The indictment makes it clear Christy Kinahan Snr has no previous convictions in Spain.
Under Spanish law prison sentences are normally only suspended for terms of two years or less.
Kinahan Snr spent around six months on remand in jail after his Operation Shovel arrest, which would be taken into account but would not spare him a return to prison if he gets the full four years.
It is understood no date for the trial, which would take place at a court in Malaga, has yet been set.
International arrest warrant
Well-placed insiders confirmed last night he would risk being made the subject of an International arrest warrant if he failed to show in court when the trial starts.
Kinahan Snr is now expected to try to intensify efforts through his lawyers to seek an out-of-court settlement whereby he would agree to plea guilty in return for a reduced sentence.
It was not immediately clear on Thursday if he would have to attend court should a plea bargain deal be agreed, but the fact four other men are facing trial could complicate any possibility.
A forced return to Spain for the Irishman would be expected to end in attempts to extradite him to the United States or Ireland.
US Ambassador to Ireland Claire Cronin announced there was a $5 million reward for key information leading to the Kinahan gang being dismantled in April after the US government hit Christy Snr and his two sons as well as four other men it identified as key associates with sanctions.
One of the seven, British-born Irish passport holder Johnny Morrissey, was arrested at a rented Costa del Sol flat in September on suspicion of money laundering and membership of a criminal gang.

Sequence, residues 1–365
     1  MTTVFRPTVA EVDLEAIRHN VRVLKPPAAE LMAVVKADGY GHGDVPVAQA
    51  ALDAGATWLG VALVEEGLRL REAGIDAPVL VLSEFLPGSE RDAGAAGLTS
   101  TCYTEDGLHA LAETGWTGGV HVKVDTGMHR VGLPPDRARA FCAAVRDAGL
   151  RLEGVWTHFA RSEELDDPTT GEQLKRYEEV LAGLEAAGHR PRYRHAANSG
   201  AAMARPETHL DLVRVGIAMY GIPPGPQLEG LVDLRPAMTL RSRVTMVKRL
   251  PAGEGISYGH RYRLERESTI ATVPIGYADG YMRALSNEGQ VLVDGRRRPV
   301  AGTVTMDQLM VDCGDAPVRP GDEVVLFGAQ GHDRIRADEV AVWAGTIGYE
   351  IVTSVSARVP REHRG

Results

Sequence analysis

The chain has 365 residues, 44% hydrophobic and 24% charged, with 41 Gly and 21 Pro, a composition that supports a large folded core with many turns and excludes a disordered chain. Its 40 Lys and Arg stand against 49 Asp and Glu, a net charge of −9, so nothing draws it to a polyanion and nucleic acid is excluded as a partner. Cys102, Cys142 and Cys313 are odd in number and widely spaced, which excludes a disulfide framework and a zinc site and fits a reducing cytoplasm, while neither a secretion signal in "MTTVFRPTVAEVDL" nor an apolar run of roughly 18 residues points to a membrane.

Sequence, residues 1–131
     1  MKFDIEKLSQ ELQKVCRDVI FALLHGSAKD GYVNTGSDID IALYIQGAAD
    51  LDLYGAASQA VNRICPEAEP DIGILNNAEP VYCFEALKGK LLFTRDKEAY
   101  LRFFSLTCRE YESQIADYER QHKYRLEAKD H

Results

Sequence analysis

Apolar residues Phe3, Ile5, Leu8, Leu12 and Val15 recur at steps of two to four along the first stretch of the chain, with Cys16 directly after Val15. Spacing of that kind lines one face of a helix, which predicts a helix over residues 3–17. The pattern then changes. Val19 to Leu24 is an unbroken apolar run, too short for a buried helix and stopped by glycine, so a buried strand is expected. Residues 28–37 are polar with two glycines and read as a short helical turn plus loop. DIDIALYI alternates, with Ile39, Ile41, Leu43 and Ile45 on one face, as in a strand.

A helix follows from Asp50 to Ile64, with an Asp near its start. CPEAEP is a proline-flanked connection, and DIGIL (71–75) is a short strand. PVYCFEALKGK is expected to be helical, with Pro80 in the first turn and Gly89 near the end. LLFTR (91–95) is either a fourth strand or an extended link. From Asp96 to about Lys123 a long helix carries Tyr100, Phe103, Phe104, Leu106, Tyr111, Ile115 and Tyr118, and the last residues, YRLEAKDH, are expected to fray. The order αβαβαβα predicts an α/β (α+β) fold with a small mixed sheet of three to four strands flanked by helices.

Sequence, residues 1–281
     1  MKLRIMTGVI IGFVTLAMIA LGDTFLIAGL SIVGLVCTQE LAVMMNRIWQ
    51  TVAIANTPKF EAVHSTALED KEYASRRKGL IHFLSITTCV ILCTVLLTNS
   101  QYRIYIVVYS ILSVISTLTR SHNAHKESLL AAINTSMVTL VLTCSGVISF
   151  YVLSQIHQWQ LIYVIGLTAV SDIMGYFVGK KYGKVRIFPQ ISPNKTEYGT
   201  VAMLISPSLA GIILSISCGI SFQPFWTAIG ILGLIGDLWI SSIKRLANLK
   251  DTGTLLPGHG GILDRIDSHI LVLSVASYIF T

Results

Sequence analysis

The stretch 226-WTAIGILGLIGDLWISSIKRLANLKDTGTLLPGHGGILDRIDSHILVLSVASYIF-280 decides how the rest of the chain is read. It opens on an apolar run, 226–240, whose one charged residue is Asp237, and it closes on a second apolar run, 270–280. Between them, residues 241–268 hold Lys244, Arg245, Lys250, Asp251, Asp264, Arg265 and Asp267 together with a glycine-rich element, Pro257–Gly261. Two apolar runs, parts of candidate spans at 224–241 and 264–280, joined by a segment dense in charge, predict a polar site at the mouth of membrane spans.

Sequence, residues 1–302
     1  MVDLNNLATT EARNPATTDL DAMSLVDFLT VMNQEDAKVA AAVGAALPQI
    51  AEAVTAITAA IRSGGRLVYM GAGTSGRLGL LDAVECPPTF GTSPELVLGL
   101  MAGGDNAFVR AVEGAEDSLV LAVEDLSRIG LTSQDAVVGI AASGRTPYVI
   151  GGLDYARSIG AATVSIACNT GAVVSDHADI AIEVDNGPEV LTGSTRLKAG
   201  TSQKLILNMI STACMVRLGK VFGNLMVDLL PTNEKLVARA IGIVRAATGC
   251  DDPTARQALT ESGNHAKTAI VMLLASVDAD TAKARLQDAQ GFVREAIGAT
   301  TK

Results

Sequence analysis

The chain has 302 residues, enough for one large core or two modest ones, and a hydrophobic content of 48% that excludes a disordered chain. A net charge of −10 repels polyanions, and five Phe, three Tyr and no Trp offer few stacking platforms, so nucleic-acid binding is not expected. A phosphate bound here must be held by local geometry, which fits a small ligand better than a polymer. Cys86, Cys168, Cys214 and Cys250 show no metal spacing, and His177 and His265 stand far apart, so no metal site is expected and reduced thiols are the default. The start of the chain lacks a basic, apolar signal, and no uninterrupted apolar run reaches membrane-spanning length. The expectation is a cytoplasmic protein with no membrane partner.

He remains on remand in prison.
The devastating US sanctions announced in April are said to have frustrated Christy Kinahan Snr’s plans to start a new life in Zimbabwe with partner Nessy Yildirim.
Recent reports said the crime godfather had aimed to take control of one of the world’s key shipping routes for cocaine from a new base in the Zimbabwean capital Harare.
Pressure has been growing on the Kinahans in recent months as they try to stay one step ahead of the law following their flight several years ago from the Costa del Sol to the United Arab Emirates in the wake of Operation Shovel and a botched assassination attempt on Daniel Kinahan.
Earlier this week six suspects described as High-Value Targets, including a British 32-year-old, were arrested in UAE city Dubai as part of an international operation against a drug ‘super cartel’ described by police and Europol as “unprecedented.”
The fallout from Operation Shovel has been dragging on for years.
Alfredo Rubalcaba, Spain’s Home Secretary when the Kinahans were held in May 2010 on the Costa del Sol as part of the high-profile operation, linked them at the time to a string of murders when he congratulated police after the raids.
In its early stages the judicial probe focused on allegations of drugs and weapons trafficking.
It emerged in 2014 a judge probing Christy Kinahan Sr and a gang of suspected accomplices including his two sons, had decided to drop her behind-closed-doors investigation into those crimes and focus solely on other allegations they were facing including money laundering and membership of a criminal gang.
In September 2020 it was confirmed the money laundering and criminal association facets of the criminal investigation had been mothballed - and only five of the original 31 detainees told they now faced trial for lesser crimes.
Details of the indictments against the five men including Kinahan Snr, recently sent to the Spanish courts, have only just been disclosed.